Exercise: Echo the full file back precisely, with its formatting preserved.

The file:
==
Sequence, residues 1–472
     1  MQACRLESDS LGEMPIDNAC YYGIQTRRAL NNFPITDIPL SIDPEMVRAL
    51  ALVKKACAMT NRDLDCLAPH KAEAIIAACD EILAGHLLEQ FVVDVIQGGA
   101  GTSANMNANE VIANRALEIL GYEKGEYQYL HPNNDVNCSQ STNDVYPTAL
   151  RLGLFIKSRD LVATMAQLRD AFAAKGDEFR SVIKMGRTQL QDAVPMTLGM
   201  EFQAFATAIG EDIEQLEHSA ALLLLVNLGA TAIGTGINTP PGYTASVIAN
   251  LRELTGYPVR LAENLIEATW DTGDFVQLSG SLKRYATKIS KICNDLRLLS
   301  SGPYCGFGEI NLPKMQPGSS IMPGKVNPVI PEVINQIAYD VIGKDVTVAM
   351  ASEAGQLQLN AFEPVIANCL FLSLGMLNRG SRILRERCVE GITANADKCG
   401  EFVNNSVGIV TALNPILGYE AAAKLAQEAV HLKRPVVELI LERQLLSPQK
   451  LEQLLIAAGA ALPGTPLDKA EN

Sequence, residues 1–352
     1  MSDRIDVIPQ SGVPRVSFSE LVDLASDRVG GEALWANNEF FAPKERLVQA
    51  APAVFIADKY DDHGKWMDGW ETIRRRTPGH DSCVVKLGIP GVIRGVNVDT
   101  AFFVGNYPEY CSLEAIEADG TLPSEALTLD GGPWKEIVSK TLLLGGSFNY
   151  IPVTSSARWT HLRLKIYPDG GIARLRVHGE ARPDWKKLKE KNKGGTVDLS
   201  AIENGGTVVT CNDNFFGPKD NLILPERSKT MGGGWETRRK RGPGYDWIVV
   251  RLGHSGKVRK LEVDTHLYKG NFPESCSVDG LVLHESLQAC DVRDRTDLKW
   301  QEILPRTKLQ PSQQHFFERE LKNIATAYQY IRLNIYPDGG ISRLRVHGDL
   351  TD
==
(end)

Sequence, residues 1–472
     1  MQACRLESDS LGEMPIDNAC YYGIQTRRAL NNFPITDIPL SIDPEMVRAL
    51  ALVKKACAMT NRDLDCLAPH KAEAIIAACD EILAGHLLEQ FVVDVIQGGA
   101  GTSANMNANE VIANRALEIL GYEKGEYQYL HPNNDVNCSQ STNDVYPTAL
   151  RLGLFIKSRD LVATMAQLRD AFAAKGDEFR SVIKMGRTQL QDAVPMTLGM
   201  EFQAFATAIG EDIEQLEHSA ALLLLVNLGA TAIGTGINTP PGYTASVIAN
   251  LRELTGYPVR LAENLIEATW DTGDFVQLSG SLKRYATKIS KICNDLRLLS
   301  SGPYCGFGEI NLPKMQPGSS IMPGKVNPVI PEVINQIAYD VIGKDVTVAM
   351  ASEAGQLQLN AFEPVIANCL FLSLGMLNRG SRILRERCVE GITANADKCG
   401  EFVNNSVGIV TALNPILGYE AAAKLAQEAV HLKRPVVELI LERQLLSPQK
   451  LEQLLIAAGA ALPGTPLDKA EN

Sequence, residues 1–352
     1  MSDRIDVIPQ SGVPRVSFSE LVDLASDRVG GEALWANNEF FAPKERLVQA
    51  APAVFIADKY DDHGKWMDGW ETIRRRTPGH DSCVVKLGIP GVIRGVNVDT
   101  AFFVGNYPEY CSLEAIEADG TLPSEALTLD GGPWKEIVSK TLLLGGSFNY
   151  IPVTSSARWT HLRLKIYPDG GIARLRVHGE ARPDWKKLKE KNKGGTVDLS
   201  AIENGGTVVT CNDNFFGPKD NLILPERSKT MGGGWETRRK RGPGYDWIVV
   251  RLGHSGKVRK LEVDTHLYKG NFPESCSVDG LVLHESLQAC DVRDRTDLKW
   301  QEILPRTKLQ PSQQHFFERE LKNIATAYQY IRLNIYPDGG ISRLRVHGDL
   351  TD